||Delineating toxic areas by canine olfaction : final report /
Arner, L. D. ;
Johnson, G. R. ;
Skovronek, H. S.
||IT Corp., Knoxville, TN. ;Biosensors, Inc., Westmoreland, NY. ;Guardian Training Academy, Windsor, Ontario. ;Environmental Services, Morris Plains, NJ.;Environmental Protection Agency, Cincinnati, OH. Hazardous Waste Engineering Research Lab.
Hazardous waste sites--United States. ;
Dogs--Training--United States. ;
Hazardous materials ;
Biological indicators ;
Air pollution ;
Solid waste disposal ;
Field tests ;
Toxic substances ;
Air pollution effects(Animals) ;
Superfund program ;
||Most EPA libraries have a fiche copy filed under the call number shown. Check with individual libraries about paper copy.
||43 pages : illustrations
A research project was undertaken to learn how the highly acute olfactory sensitivity of the canine could be applied with advantage to environmental problems. The objectives were to determine how dogs could be trained to detect hazardous and toxic pollutants in the environment and how the dogs' responses could be used by environmental workers to improve sampling efficiency and to help delineate contaminated sites that might be encountered in spills and improper disposal incidents. Dogs were trained to recognize and locate chemicals selected from the toxic and hazardous chemical lists. Another dog was trained to respond upon detection of chemical scents at extremely low airborne concentrations such as those that might exist at the outer perimeter of a disposal site. Throughout the project, the safety and health of both dog and handler were carefully considered. Over a relatively short period, two dogs were successfully trained to recognize toluene, 2,4,5- and 2,4,6-trichlorophenol at levels that could not be detected as quickly or efficiently using conventional field instrumentation. These dogs were trained to seek out and retrieve chemically contaminated articles or to dig at the site of a simulated ground contamination. In a field experiment, both dogs successfully demonstrated their ability by locating as little as 0.2 g of chemical from distances as great as 50 ft. A third dog was acclimated to another chemical, 1,2,3-trichloropropane, to prepare for a field test at a nearby Superfund site contaminated with the material. The dog was trained to sit immediately when he detected the specified odor. The technique demonstrated that the dog could delineate the perimeter of a contaminated area without entering the dangerous zone defined by conventional instrumentation. A field experiment at the Superfund site was carried out under extremely adverse weather conditions, it provided encouraging but inconclusive results.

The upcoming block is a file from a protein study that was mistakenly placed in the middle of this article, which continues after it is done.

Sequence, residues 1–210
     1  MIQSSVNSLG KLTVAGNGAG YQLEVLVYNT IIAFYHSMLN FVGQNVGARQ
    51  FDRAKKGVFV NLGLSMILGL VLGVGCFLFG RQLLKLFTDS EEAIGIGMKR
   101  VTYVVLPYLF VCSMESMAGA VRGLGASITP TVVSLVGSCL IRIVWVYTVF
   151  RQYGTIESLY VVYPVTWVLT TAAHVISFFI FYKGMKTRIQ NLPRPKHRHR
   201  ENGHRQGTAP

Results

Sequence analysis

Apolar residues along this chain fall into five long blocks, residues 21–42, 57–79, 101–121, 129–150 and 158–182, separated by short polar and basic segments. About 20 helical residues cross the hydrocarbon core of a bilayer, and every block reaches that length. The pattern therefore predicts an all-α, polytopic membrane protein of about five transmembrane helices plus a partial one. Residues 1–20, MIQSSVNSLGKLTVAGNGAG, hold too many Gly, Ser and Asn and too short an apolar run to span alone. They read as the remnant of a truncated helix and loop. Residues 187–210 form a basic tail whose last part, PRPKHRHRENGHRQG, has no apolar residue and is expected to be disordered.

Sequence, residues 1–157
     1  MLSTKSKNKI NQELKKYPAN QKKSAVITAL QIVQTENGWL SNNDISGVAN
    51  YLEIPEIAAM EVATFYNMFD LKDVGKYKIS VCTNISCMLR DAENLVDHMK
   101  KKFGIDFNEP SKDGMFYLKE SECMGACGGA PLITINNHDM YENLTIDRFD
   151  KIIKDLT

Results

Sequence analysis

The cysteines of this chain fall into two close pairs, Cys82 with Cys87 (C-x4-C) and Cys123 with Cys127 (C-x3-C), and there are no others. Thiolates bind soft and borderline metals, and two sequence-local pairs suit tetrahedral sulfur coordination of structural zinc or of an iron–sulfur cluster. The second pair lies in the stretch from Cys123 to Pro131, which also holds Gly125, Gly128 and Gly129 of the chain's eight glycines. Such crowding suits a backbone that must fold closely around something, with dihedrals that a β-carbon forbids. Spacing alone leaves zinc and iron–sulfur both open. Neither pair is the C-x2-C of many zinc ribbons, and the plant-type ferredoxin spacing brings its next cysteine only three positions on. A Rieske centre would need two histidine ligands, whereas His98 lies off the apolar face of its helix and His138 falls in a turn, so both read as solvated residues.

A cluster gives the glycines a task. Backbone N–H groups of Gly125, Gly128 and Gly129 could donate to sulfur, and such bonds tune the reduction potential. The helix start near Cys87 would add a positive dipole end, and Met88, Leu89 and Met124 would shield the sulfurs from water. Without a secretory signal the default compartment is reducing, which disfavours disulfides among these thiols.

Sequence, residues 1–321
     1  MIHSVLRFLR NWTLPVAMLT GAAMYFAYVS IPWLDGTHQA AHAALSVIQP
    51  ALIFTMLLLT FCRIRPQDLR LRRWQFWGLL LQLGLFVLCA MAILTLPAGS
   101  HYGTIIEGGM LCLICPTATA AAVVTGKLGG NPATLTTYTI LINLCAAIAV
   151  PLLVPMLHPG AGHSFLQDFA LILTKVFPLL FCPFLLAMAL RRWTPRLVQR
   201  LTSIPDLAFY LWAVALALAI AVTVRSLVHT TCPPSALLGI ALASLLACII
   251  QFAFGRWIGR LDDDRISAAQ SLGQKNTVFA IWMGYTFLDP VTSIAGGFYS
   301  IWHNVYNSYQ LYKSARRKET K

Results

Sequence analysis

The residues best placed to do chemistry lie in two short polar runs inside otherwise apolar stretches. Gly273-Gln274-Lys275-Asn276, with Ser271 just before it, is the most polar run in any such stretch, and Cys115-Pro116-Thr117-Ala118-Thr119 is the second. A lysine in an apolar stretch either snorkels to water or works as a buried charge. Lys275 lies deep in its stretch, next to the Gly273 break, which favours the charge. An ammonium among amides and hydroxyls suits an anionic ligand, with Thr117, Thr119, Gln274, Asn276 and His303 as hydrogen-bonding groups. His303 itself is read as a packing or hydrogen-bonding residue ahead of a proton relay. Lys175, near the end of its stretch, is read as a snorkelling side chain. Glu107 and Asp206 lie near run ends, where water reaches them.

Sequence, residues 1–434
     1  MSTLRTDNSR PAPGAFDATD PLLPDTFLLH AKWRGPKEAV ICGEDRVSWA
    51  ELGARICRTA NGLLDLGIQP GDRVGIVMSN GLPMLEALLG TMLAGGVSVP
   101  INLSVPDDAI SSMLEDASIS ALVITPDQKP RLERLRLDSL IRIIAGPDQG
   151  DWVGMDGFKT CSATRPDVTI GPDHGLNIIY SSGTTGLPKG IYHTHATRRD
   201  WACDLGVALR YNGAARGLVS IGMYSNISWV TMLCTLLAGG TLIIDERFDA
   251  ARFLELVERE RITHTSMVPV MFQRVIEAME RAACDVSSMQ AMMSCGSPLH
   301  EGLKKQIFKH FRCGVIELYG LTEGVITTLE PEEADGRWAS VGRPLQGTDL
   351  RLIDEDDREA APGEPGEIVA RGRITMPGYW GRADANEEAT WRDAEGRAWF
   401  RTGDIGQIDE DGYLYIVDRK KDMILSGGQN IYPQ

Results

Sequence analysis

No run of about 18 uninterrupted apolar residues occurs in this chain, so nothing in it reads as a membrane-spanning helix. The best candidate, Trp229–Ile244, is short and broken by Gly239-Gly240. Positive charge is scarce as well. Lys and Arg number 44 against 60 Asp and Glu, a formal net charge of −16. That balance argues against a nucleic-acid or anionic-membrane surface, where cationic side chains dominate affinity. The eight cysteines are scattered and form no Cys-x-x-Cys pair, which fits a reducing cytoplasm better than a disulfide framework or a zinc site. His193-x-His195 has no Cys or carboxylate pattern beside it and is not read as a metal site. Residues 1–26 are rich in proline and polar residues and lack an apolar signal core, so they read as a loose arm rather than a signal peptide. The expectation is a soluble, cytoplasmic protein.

"EPA Contract No. 68-03-3069." "July 1985." "EPA/600/2-85/089." "Final report period August 1983 - June 1984." Microfiche.